North Korea fired a pair of medium-range rockets that could potentially reach Japan, the South Korean and Japanese governments said Sunday.
According to The New York Times, the missiles were fired from North Korea's Tongchangri region. They traveled about 310 miles before landings in the waters of the Korean Peninsula. Per The Associated Press, the missiles were launched at a steep angle and reached an altitude of 340 miles, meaning they could potentially travel farther if launched in a more standard path.
Japan's Vice Defense Minister Toshiro Ino criticized the missile launches for threatening the safety of the international community. This sentiment was echoed by the U.S. Indo-Pacific Command, which said the American commitments to South Korea and Japan remained "ironclad."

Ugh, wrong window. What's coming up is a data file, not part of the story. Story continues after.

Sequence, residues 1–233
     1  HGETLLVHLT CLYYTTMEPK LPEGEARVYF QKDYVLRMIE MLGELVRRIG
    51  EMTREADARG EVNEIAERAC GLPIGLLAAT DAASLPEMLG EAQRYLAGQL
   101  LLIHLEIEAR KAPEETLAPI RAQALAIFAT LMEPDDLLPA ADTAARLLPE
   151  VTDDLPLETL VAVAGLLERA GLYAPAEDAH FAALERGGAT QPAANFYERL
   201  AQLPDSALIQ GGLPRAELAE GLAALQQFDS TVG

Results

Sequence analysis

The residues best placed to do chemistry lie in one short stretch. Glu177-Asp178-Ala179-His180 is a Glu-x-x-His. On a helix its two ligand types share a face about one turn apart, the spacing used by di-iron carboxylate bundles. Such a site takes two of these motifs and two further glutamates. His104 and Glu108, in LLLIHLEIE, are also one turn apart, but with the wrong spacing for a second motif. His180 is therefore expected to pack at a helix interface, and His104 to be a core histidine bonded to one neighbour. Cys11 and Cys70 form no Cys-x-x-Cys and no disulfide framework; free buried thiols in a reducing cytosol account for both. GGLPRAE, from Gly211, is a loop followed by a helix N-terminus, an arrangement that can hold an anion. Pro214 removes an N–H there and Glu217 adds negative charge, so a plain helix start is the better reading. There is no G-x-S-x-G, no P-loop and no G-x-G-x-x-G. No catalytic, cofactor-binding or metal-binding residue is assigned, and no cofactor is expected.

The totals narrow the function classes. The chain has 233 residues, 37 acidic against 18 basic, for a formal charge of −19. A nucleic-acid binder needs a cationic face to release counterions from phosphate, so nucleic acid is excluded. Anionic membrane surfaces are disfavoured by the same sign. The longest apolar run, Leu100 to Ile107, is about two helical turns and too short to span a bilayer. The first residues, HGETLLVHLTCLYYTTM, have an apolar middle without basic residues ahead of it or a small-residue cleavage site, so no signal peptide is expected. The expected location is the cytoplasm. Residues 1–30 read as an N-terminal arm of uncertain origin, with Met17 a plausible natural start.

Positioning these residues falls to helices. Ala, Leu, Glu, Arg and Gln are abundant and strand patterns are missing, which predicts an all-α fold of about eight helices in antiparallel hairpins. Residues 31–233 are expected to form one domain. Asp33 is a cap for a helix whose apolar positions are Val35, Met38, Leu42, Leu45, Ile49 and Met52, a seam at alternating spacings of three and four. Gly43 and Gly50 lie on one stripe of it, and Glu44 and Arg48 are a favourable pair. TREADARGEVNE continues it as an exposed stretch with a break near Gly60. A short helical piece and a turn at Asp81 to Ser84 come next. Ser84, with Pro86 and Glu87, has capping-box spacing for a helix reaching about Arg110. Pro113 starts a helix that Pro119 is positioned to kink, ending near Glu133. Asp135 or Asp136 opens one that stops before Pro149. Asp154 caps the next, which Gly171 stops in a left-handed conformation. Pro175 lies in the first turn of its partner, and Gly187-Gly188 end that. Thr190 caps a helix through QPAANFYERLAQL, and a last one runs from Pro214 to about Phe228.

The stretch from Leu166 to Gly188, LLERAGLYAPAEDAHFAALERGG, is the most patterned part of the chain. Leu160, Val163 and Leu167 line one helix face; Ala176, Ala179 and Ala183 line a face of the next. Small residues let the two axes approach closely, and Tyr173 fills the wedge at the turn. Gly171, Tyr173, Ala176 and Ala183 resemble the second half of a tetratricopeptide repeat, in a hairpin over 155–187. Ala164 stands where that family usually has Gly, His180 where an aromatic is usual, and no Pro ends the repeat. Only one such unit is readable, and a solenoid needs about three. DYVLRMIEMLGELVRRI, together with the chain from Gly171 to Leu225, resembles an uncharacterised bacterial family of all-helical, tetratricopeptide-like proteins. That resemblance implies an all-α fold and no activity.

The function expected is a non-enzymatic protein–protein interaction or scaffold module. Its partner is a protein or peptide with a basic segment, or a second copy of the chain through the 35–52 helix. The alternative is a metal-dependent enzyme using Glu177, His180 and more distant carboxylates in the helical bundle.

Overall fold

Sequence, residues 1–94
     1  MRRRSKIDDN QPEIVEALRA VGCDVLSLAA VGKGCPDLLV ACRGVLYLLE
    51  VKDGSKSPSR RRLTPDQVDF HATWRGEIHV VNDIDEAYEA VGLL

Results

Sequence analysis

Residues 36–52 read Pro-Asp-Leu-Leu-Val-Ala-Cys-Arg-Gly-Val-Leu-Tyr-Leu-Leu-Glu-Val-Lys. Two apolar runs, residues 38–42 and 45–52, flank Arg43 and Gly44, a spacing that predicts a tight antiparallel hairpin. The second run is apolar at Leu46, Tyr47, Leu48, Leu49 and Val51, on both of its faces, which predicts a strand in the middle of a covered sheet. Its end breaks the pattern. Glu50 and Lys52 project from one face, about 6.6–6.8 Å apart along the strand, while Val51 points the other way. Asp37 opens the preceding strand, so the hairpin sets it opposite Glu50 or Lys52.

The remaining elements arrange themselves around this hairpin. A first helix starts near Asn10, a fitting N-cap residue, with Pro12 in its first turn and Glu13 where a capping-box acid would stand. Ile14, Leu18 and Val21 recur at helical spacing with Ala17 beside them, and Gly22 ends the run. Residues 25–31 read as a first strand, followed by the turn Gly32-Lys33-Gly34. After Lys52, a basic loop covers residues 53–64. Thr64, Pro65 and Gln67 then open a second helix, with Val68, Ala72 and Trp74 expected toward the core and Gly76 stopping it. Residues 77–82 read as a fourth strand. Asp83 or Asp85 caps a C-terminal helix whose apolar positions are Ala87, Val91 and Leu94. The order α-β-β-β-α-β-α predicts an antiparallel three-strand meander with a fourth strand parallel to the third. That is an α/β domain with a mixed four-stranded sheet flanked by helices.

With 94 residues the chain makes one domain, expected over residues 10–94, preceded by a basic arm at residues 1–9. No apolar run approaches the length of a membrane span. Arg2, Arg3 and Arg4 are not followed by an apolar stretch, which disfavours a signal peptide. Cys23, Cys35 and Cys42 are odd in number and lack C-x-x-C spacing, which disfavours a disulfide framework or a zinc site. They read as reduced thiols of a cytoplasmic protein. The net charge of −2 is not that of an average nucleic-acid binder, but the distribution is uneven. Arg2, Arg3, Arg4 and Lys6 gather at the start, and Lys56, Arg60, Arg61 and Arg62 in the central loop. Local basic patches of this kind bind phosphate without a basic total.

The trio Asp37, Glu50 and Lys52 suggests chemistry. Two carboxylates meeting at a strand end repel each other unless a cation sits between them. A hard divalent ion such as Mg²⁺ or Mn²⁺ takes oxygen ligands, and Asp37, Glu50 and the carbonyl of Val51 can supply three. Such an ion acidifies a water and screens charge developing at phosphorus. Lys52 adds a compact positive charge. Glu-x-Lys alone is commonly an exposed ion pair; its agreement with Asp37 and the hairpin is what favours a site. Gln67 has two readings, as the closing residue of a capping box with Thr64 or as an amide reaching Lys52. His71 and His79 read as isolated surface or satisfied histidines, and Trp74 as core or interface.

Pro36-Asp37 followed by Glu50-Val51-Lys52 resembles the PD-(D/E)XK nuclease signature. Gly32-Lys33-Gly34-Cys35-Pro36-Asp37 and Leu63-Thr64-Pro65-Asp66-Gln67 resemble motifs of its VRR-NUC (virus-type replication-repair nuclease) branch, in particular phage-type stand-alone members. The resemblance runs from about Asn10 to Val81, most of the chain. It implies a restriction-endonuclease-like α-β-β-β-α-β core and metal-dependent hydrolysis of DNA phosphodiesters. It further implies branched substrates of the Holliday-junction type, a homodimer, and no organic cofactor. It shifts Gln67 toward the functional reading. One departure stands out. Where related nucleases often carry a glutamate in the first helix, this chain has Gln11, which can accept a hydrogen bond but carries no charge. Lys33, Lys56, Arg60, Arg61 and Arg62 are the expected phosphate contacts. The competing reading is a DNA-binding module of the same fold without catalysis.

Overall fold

The test launches come just days after Japan reinvigorated its national security strategy, something it had none done for nine years. The Japanese military also received a significant boost, and the country vowed to increase its military spending. Per the Times, the new plans "called for the officially pacifist Japan to acquire counterstrike abilities, including missiles that could be used to target bases in enemy territory in response to an attack."
The launches cap off a year in which the hermit state test-fired a record number of intercontinental ballistic missiles, including some that could also reach the United States. This rocket, the Hwasong-17, is the largest ICBM ever designed by North Korea, and its launch was overseen by North Korean Supreme Leader Kim Jong Un himself.